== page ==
The words “sardine run” are synonymous with South Africa – and cold water. Experiencing this natural phenomenon is linked with multiple layers of neoprene or drysuits, and most of the time divers spend hours on the surface searching for the whirling bait balls. Meanwhile, the small city of Moalboal on Cebu (also known for the thresher sharks in Malapascua and whale sharks in Oslob) in the Philippines has sardines ready to see nearly every day of the year.
To be accurate, it’s more of a sardine hangout than a sardine run. The bait balls here do not migrate, but have made their permanent home about 20 to 30 meters off the coast of Panagsama Beach.
A short swim over colorful reefs takes you to the drop off of between 30 and 80 meters. It is here where the vast sardine bait balls congregate, consisting of sardines, pilchards, and sprats all grouped together. These bait balls, on occasion, attract large predators like tuna, barracudas, trevally, jacks, and even the occasional thresher shark. While the chance to see these predators adds to the excitement factor, the real allure of the sardine run is witnessing the vastness of these schools. While it is possible to see the bait balls by snorkeling, scuba diving provides the added benefit of entering the center of these bait balls – so big and dense as to block out the sun.
The experience of being surrounded by millions of fish, slowly churning about with silver light reflecting off their bodies, is awe-inspiring.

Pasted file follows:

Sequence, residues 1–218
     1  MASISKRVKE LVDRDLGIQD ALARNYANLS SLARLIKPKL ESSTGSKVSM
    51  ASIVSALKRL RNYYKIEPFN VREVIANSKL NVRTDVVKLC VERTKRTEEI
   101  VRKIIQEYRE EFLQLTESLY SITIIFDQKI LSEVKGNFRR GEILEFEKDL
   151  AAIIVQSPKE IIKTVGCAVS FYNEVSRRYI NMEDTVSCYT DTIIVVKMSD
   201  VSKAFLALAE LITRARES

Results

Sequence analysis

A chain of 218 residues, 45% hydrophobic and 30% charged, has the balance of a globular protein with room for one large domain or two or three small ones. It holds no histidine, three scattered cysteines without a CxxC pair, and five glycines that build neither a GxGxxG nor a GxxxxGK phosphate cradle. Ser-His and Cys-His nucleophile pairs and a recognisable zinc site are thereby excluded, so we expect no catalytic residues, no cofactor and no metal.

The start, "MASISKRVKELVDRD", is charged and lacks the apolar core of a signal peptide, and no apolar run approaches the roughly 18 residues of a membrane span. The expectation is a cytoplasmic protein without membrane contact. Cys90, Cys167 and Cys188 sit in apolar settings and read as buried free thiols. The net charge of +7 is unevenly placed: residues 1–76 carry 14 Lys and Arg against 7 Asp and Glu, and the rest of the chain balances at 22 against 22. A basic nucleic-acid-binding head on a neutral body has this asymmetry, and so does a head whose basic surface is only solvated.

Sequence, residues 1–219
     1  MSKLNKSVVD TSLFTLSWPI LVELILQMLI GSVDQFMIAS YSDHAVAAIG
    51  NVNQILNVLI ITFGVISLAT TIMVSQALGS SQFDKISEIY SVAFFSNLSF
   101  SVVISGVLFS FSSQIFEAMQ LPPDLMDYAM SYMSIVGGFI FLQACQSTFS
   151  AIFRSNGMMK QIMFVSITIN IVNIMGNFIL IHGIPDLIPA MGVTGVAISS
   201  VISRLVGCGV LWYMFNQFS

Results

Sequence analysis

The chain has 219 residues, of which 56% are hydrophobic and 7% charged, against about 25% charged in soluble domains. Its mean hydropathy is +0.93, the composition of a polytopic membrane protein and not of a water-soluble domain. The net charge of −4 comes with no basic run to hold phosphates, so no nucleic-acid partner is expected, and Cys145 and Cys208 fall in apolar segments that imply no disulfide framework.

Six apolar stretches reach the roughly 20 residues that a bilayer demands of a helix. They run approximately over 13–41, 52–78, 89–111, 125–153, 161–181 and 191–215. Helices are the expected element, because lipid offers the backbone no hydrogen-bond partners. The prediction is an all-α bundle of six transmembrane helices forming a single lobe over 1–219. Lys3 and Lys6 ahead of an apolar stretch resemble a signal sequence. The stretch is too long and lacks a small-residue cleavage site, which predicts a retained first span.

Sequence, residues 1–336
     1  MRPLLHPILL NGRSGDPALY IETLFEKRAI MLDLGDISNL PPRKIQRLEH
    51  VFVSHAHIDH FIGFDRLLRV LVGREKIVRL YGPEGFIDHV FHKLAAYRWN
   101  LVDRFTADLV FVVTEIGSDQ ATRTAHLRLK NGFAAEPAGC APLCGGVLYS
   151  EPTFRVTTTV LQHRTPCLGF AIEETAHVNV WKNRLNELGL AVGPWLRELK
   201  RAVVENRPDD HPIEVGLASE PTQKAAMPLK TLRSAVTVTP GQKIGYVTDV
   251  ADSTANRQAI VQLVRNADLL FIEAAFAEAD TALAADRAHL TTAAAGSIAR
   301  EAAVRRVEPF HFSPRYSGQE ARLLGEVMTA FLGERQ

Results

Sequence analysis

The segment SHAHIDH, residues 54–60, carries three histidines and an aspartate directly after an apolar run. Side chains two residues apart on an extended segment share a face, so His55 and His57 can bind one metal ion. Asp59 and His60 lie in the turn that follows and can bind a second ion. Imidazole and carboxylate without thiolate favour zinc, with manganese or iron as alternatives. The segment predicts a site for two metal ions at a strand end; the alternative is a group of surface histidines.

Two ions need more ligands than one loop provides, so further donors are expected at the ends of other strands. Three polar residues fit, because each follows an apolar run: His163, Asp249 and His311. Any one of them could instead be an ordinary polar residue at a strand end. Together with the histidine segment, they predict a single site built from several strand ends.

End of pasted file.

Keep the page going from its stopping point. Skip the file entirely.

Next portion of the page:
The sardines of Moalboal used to congregate near Pescador Island, which is a 15-minute boat ride from Panagsama beach. For unknown reasons they have re-located closer to Moalboal. While they ‘disappear’ every now and then, they always return to this spot, making sightings nearly guaranteed every day of the year. The fish are not rounded up or fed, giving visitors the opportunity to experience this natural phenomenon in an ethical manner.
The government has recognized the importance of the sardines for tourism and thus have banned fishing with nets. Local fishermen are only allowed to make use of lines and hooks off of traditional boats.
Besides the sardine run, Moalboal has plenty to offer divers. Pescador Island is a favorite amongst underwater photographers with chances to see frogfish, ornate ghost pipefish and cuttlefish, amongst other critters. Although few dive centers mention it, there is a scuttled Cessna two-passenger plane that is well worth exploring – sunk specifically for divers. More experienced divers can visit Sunken Island where the pinnacle lays at around 25 meters. Sunken Island often has strong currents and the chance to see pelagics like sharks and mantas with the occasional whale shark thrown in.
Moalboal has two seasons: rainy and dry. Generally, the dry season falls between November and May, while the rainy season lays between June and October. Typhoon season is in September and October, but Cebu lays outside of the typhoon belt and rarely sees typhoons. The air temperature lingers around 32 degrees Celsius while the water temperature around Cebu ranges between 25 and 30 degrees Celsius while visibility can be anything between five to 30 meters depending on the conditions.
The sardine run in Moalboal is judged to be the second largest in the world, after South Africa. It may not offer the diversity of wildlife, but it is the opportunity to witness the vastness of marine life schooling, in warm, tropical waters.